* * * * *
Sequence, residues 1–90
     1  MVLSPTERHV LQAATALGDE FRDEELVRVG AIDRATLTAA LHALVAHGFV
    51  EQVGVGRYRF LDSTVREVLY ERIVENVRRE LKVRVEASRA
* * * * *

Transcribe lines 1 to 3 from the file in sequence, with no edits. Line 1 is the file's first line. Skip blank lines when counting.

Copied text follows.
Sequence, residues 1–90
     1  MVLSPTERHV LQAATALGDE FRDEELVRVG AIDRATLTAA LHALVAHGFV
    51  EQVGVGRYRF LDSTVREVLY ERIVENVRRE LKVRVEASRA